Your dog is possibly your best friend, but he’s probably not your smartest friend…
Q: I am a dog lover but I also love my garden and outdoor living space. So far, my lab and my Australian Shepard are respecting our plants… but I’ve heard a number of shrubs and plants can be poisonous to pets…which ones and what should I do?
From John in Topanga Canyon:
ERIC: (singing) Who let the dogs out… wooo woo woo woo. Sorry, I didn’t mean to get carried away there. You wouldn’t think twice about putting him on a leash before crossing a busy intersection and you shouldn’t leave him to his own devices in the garden either. Make sure you know what foliage is toxic and hazardous to your dog’s health and keep those plants OUT of your garden! This is YOUR dog, take responsibility and do your own homework.
Actually, thanks to the ASPCA, we’re going to help you with your homework. Here is a short list of some toxic plants:
Aloe – Symptoms include: vomiting, depression, diarrhea, anorexia, tremors, and change in urine color.
Azaleas/ Rhododendron – Ingestion of a few leaves can cause serious problems.
Calla Lily – Symptoms include: Oral irritation, intense burning and irritation of mouth, tongue and lips, excessive drooling, vomiting, difficulty swallowing.
Fiddle-Leaf – Symptoms are the same as those of the Calla Lily.
Geranium-Leaf Arlia – Symptoms include: Contact dermatitis, vomiting, anorexia, depression.
Oleander – Poisonings can occur from access to pruning or fallen branches. All parts contain a highly toxic cardiac glycoside much like digitoxin, and can cause colic, diarrhea (possibly bloody), sweating, un-coordination, shallow/difficult breathing, muscle tremors and possibly death from cardiac failure.
Sago Palm – Vomiting, increased thirst, hemorrhagic gastroenteritis, bruising, liver damage, liver failure, death.
Yucca – Symptoms include: Vomiting, diarrhea.
CINDY: Should your four-legged friend show ANY signs of poisoning, call your vet immediately. There are many toxic and potentially deadly plants! Just eating the middle seed from the Sego palm can send your dog into shock. While it might be simpler to ask that harried-looking nurseryman in the orange vest about what plants are safe to have around your dog – let’s face it – he is not going to give the question the attention it deserves. It’s a good idea to keep a down-loadable list of toxic plants in your smartphone! Aspca.org has a list you can download.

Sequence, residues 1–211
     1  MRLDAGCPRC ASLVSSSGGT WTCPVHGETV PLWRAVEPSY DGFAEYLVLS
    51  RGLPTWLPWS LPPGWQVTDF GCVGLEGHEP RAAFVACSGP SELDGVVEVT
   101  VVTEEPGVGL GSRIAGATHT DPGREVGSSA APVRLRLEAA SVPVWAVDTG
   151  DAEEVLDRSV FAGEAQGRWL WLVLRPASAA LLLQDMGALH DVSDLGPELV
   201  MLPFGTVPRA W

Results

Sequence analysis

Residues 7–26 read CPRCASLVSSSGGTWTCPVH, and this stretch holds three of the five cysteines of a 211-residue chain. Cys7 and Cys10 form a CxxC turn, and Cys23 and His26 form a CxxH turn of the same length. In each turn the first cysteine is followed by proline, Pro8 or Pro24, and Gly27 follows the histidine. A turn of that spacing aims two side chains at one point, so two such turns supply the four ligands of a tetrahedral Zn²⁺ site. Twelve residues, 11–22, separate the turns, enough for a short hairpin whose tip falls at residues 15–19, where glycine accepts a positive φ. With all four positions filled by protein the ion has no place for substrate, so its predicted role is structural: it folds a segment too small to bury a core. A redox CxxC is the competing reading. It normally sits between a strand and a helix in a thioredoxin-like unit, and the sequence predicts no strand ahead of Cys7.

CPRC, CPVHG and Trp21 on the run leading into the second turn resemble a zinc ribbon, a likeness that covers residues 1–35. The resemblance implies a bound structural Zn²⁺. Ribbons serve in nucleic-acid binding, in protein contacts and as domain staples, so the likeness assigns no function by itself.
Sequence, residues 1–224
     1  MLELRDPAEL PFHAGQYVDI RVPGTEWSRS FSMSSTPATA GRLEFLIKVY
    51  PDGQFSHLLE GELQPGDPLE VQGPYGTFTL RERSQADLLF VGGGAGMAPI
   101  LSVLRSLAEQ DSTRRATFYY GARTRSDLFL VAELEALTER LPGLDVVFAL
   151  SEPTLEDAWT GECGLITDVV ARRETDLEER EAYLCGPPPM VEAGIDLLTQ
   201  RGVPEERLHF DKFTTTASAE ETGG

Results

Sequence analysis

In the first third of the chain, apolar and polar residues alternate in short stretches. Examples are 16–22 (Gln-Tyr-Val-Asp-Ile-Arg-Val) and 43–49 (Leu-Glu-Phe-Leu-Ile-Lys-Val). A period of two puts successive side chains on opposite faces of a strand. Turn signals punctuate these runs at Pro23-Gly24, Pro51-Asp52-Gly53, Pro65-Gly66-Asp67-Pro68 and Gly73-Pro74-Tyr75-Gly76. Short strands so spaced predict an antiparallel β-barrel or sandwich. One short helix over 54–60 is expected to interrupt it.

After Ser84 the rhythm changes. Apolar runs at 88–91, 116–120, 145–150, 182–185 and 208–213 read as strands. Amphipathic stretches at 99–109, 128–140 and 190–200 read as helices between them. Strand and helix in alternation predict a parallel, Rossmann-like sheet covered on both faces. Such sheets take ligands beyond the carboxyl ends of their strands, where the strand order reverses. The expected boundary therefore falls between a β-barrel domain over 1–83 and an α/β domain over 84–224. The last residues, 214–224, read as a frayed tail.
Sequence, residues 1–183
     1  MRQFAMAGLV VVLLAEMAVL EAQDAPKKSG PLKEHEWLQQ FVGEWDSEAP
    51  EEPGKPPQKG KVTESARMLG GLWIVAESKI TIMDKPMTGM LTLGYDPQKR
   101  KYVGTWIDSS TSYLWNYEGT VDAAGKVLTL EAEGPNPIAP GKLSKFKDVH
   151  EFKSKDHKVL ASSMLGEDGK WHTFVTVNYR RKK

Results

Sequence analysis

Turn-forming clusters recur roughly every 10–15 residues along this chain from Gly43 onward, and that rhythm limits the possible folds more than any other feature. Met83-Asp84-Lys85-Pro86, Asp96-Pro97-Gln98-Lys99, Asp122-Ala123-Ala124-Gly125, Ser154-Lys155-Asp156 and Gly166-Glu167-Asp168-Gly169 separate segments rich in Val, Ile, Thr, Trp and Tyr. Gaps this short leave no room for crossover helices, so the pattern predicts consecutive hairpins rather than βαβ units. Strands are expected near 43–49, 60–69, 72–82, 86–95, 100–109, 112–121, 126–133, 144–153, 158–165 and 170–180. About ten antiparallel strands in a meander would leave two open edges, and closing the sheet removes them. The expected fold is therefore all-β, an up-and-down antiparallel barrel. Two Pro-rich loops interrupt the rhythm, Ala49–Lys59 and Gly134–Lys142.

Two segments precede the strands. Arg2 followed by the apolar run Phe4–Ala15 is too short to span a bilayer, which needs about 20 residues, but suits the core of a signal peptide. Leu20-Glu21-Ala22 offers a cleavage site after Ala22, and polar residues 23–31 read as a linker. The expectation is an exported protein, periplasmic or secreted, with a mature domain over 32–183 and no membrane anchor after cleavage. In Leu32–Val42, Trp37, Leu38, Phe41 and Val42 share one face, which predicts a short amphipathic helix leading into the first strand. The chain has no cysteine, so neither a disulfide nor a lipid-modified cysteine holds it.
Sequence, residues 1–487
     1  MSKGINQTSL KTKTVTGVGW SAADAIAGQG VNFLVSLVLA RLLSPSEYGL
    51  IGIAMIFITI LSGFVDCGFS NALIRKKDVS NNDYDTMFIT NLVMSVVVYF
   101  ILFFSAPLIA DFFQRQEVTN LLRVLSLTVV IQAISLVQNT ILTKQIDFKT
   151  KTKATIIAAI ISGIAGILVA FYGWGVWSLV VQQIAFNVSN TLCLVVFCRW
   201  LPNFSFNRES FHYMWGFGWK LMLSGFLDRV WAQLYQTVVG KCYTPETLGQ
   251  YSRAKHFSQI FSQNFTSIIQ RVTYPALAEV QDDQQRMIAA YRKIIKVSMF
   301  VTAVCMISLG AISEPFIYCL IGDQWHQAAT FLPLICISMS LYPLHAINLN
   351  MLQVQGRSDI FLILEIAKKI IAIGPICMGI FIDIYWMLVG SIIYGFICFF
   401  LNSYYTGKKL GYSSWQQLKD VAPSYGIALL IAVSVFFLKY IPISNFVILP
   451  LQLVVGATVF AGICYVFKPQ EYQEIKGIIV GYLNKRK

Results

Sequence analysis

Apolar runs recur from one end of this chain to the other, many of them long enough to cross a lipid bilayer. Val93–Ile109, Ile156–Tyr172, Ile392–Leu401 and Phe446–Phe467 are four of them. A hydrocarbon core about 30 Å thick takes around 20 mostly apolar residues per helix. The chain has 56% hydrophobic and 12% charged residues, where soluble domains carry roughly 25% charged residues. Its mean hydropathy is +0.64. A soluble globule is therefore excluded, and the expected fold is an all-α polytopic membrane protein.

Now that we’ve scared you we’ll throw in a little good news – many people believe that poinsettias are hazardous to their animals, but that’s a myth. A dog would have to consume hundreds of poinsettias to do any damage. So bring on the big, red Holiday plants! And speaking of the holidays and your dog, don’t panic if your dog downs a bag of M&M’s. While it’s true that chocolate is definitely not good for dogs, milk chocolate is not quite the danger that dark chocolate is!
Q: My dog digs up the yard – no matter what. Any ideas how to stop her?
From Betty in Barstow
ERIC: Dogs like to be outside any time of year – and if you’ve got yourself a digging-doggy, try this: Sprinkle Cayenne or chili powder where your dog likes to dig. When he tries to dig, he’ll get a big nose full of it. Well, that would stop YOU, wouldn’t it?
CINDY: Keep in mind that many dogs are genetically programmed to dig, dig, dig, so giving your pooch a “digging zone” might just be the solution for man and beast. Create a “sandbox” in a corner of the yard, line the bottom with rocks for good drainage. Bury bones and small dog toys for your dog to discover. Keep a metal rake handy…let’s face it, nature’s going to take its course and deposit all kinds of things you DON’T want in your dog’s dig zone! Keeping the zone fresh will keep dogs and humans happy!
Staying alert to potential dangers in the garden is a small price to pay for your trusted friend. Your dog deserves a toxic free yard and you deserve the peace of mind knowing you’ve provided just that!
Here are a few links with more information: